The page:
I’ve been meaning to finish and post this trip report for about 5 months, and am just now finding the time. Still, better late than never, right?
To summarize, we (my girl and I) live in Washington, DC, and took a wonderful trip to Asia over New Years 2008. The itinerary between December 24, 2007 and January 6, 2008 looked like this: DCA
. I’ve already posted trip reports for the outbound and inter-Asia flights, which are available at:
DCA-PHL-SFO (with Pics) (by BZNPilot Jan 29 2008 in Trip Reports)
MRY-SFO-HKG On UA (with Pics) (by BZNPilot Feb 2 2008 in Trip Reports)
Manila-Caticlan-Manila For New Years (Pics) (by BZNPilot Jan 24 2008 in Trip Reports)
This posting will therefore cover the only part of the itinerary I hadn’t yet reported on, the homeward-bound flights, HKG
, on January 6. Hope you enjoy!
January 6, 2008
Scheduled Departure: 11:40 am
Actual Departure: 19:21
Scheduled Arrival: 11:49 am
Actual Arrival: 18:57
Actual Flight Time: 13:36
Seats: 44 J/K
Load Factor: 80%
Scheduled Departure: 20:45
Actual Departure: 22:13
Scheduled Arrival: 23:16
Actual Arrival: 00:26
Actual Flight Time: 1:13
Load Factor: 100%
After three wonderful days in Hong Kong (and 2 great weeks in Asia), it was time to fly home to DC…back to reality and work. Our driver picked us up at the hotel, the Excelsior, at 08:00 and whisked us off to the airport. It was a Sunday morning and traffic was very light. We arrived at the terminal around 08:30 and made our way to the United counter.
The regular check-in line was quite long, but the Premier line was pretty short and we were at the desk within 5 minutes. That’s when we heard the bad news. The agent informed us that our 11:40 am flight was delayed until 19:00 that evening because of a “scheduling issue.” I glanced at my watch realized what that meant—about 10.5 hours until takeoff. In addition, the agent explained that the LA
and San Francisco flights were not only full, but also overbooked, and that we had no choice but to wait for the delayed Chicago flight. We went ahead and checked our bags and were given our boarding passes. The agent was about to send us away, when I realized we could probably get some meal vouchers out of the deal, at the very least. I asked and he obliged. We were happy to have them, but I was a bit disappointed in United for not taking the initiative to offer them in the first place. In my opinion, the passenger should not have to ask!
With a whole bunch of time to pass, we had two options: either leave the airport and go do some more sightseeing, or hang out and relax. We still had our carry-on bags, which were quite heavy, plus we exhausted. And after a couple of weeks of non-stop sightseeing, the thought of relaxing seemed rather nice. So, we decided cash in our vouchers for a leisurely breakfast, which took up the better part of an hour.
Next, we headed through security, and into the main terminal. We walked around for a while until we found a day-spa, and my girl decided to get a manicure/pedicure. I hung out and waited. Another hour passed. When she had finished and we were about to leave, the idea struck that I could get a massage. So I did, and I enjoyed every minute of it. And after my massage, we realized that since we had both spent money at the spa, we qualified for discounted tickets to the travelers lounge, a deal that we couldn’t pass up. At this point, I think we still had about 6 hours to go until boarding…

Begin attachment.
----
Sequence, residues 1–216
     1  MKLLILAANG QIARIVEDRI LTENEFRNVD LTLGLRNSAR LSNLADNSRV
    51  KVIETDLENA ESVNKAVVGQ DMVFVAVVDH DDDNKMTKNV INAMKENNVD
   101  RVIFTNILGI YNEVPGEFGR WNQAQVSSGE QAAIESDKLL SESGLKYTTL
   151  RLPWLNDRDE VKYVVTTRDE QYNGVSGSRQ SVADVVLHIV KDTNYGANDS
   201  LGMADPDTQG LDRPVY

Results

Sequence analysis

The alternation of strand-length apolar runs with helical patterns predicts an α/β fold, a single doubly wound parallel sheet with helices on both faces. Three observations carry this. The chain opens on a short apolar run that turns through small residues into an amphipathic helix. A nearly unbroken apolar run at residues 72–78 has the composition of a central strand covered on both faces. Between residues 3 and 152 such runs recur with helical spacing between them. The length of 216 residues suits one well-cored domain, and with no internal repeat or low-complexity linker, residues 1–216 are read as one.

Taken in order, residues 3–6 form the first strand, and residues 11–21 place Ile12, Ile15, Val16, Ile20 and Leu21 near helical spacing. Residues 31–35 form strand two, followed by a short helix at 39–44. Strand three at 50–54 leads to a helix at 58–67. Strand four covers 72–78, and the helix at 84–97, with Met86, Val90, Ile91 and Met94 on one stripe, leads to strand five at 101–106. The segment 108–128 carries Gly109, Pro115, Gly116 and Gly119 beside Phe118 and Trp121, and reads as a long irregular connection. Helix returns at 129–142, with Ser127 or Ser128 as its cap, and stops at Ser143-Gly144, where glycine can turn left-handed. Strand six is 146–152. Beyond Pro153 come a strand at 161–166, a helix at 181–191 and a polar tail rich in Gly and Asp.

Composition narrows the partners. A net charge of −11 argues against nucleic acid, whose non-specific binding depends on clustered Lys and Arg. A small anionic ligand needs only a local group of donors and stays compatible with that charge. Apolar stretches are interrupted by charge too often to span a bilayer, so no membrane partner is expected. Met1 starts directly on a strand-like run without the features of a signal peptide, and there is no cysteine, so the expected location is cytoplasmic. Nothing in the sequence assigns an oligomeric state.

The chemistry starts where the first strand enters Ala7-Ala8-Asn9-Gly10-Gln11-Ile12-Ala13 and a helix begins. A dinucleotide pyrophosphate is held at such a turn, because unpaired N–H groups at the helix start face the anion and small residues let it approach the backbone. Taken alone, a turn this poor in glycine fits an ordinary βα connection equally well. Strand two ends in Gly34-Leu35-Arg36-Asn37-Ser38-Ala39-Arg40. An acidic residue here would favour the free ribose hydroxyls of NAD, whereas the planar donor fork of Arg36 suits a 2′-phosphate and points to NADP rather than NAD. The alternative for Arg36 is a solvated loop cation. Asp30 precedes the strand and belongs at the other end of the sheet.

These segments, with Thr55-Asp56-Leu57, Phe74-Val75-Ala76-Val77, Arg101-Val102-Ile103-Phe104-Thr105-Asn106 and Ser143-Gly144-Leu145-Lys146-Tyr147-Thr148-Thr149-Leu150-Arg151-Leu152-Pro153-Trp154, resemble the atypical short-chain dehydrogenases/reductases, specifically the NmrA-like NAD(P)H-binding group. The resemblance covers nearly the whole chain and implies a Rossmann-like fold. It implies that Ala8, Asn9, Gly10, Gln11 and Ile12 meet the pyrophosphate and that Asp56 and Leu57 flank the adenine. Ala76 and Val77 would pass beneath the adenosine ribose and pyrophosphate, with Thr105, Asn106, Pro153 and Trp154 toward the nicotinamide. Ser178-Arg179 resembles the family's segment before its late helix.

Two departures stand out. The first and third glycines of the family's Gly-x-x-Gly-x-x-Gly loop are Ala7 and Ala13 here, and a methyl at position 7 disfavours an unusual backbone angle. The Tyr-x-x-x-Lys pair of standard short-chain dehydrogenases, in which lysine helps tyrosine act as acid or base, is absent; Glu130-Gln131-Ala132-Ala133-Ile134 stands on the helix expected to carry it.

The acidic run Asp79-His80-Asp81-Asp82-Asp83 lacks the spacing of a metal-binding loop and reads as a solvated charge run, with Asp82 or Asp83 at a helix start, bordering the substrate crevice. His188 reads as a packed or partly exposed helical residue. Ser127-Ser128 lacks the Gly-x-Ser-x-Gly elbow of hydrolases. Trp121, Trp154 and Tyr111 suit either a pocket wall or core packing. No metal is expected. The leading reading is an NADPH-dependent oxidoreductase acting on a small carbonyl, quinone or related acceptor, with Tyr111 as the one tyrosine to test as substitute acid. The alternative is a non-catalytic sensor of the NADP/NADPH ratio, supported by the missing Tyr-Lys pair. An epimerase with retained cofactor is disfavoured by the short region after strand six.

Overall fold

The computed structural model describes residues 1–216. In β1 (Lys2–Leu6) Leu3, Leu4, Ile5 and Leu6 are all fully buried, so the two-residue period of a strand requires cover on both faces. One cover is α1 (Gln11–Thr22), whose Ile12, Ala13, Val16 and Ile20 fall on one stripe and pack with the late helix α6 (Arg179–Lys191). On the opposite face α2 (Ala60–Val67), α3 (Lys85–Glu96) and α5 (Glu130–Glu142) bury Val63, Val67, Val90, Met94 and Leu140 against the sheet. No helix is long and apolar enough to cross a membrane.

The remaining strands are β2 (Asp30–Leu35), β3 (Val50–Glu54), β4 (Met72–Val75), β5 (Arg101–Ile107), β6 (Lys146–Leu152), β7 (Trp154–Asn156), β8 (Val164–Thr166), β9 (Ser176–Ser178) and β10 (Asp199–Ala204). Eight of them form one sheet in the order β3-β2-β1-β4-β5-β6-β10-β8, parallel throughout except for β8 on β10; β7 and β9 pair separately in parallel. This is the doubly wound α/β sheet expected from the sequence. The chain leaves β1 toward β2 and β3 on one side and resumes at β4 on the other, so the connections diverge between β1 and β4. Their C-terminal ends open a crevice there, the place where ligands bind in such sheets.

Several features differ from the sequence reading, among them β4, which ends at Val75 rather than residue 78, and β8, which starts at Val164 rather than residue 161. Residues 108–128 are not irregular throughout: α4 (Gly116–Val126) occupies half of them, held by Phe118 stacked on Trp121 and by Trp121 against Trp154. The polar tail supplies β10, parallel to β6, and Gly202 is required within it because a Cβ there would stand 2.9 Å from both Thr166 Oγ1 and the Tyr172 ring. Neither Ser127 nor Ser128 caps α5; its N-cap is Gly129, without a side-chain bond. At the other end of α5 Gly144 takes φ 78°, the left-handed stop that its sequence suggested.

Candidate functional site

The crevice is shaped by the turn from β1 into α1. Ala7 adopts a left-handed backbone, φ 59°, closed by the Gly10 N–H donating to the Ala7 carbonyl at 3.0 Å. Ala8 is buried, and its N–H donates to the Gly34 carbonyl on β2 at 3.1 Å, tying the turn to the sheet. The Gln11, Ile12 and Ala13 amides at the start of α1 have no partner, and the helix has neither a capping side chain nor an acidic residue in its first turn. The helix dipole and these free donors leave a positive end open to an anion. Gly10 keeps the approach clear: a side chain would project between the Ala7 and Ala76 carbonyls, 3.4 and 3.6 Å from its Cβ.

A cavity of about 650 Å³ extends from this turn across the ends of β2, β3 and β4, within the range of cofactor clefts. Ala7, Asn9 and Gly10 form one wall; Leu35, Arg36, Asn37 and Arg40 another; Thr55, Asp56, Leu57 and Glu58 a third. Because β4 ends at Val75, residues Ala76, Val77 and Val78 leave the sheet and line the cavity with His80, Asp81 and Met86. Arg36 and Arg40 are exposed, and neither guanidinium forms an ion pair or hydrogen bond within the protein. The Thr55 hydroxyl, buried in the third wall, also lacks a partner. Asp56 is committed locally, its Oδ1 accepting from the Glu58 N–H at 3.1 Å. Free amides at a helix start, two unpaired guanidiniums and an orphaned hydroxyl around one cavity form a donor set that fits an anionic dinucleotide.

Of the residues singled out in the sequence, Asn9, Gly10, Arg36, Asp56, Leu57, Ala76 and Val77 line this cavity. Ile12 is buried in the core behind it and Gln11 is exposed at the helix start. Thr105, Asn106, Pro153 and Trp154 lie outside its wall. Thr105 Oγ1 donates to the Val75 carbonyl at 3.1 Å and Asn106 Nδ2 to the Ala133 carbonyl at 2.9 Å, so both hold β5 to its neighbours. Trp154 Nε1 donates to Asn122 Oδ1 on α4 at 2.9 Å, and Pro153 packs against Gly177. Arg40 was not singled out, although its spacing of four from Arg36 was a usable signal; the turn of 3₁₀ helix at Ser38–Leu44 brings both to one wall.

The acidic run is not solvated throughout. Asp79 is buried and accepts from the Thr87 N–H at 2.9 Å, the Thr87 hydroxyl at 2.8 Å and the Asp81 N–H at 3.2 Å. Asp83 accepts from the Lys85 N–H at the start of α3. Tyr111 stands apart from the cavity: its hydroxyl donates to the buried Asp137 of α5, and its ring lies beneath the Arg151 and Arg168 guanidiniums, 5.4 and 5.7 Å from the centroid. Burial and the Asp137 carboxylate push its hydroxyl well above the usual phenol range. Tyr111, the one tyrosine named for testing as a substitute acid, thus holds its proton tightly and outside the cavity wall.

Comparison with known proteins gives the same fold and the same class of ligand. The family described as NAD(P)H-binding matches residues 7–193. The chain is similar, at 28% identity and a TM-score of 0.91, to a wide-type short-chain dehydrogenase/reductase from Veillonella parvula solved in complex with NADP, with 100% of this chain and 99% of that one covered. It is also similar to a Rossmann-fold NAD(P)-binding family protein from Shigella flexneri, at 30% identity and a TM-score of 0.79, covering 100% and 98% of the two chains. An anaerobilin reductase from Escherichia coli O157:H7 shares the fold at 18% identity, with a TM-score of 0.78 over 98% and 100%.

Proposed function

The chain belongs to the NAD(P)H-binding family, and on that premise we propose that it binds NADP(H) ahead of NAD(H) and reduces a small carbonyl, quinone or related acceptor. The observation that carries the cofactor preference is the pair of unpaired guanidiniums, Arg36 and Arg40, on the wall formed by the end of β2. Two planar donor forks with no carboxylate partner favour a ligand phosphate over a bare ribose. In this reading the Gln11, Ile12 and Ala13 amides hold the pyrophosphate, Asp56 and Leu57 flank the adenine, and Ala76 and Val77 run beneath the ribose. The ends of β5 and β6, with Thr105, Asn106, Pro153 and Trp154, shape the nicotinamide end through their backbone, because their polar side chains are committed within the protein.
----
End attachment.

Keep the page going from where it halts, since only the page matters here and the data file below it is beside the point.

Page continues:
We headed for the lounge—a generic, but still nice—refuge for those of us who aren’t elite passengers, but who have a bunch of time to spare and don’t mind paying for a comfy couch and some finger food. My girl settled in with some tea and snacks and I headed out again to do some spotting. Here’s some pics of what I saw.
And some shots of the inside of the terminal. I really like the architecture of HKG
After scouring the terminal for a couple of hours, I headed back to the lounge to hang out with my girl and grab some food. Another hour or two passed and the sun began to set.
Around 18:00 we decided to head over to the gate. Our aircraft had arrived, and I grabbed a pic of the beauty while it was still light enough to see.
Boarding started a little before 18:30. As the agent scanned our boarding passes, she handed us each an envelope containing a letter apologizing for the delay, as well as a form to fill out to claim a “gift” (no specification, though, about what exactly this gift would be).
Once aboard, we took our seats in 44 J/K on the right-hand side. As we settled in, I was a bit disappointed to see that the window was well forward of the seat, meaning that looking outside required a bit of effort to lean forward. Fortunately the seat in front of me was empty the whole flight; otherwise, if reclined, it would have blocked my window completely. At least the seat pitch was good—and Economy Plus really makes a difference on a 13+ hour flight!
As we waited for the boarding process to finish, we filled out the gift claim forms we had received at the gate, then handed them back to the flight attendant.
A few minutes past 19:00, the boarding door closed and we pushed back. As we taxied out to RWY 07R, the cockpit crew welcomed everyone on board and announced that the departure would treat us to some nice views of Hong Kong out the right-hand side.
At 19:21we began our long takeoff roll, followed by rotation and a slow initial climbout. And sure enough, a minute or so later, the spectacular skyline of Hong Kong came into view as we climbed out just to the north of the city. I grabbed a few pics, all of which turned out blurry (so I won’t bother posting them).
After passing the city, we continued our climb up to our initial cruise altitude of FL290. Once level, the drink service began immediately. I asked for a Tsingtao beer and my girl ordered a white wine. Very refreshing!
Within just a few minutes of having our drinks, the main meal service began. The flight attendant told us that because of the long delay in HKG
, they decided to expedite the dinner service based on the assumption that most passengers would appreciate dinner right away (as opposed to the usual routine of handing out a snack of pretzels first). Sounded like a good plan to us!
I ordered beef with veggies and mashed potatoes. The meal also came with a roll, salad, and some cream puffs for desert—those were very, very good! The FA
also asked if I wanted wine to go with the meal. This sounded like a good idea, and I gladly accepted a Merlot.
My girl ordered pasta—sorry, no picture of that. Both of us thought the meals were very tasty, and the portions were just about right. I thought it was actually one of the better meals I’ve had aboard a U.S. carrier in coach.
After dinner, our trays were cleared and the FA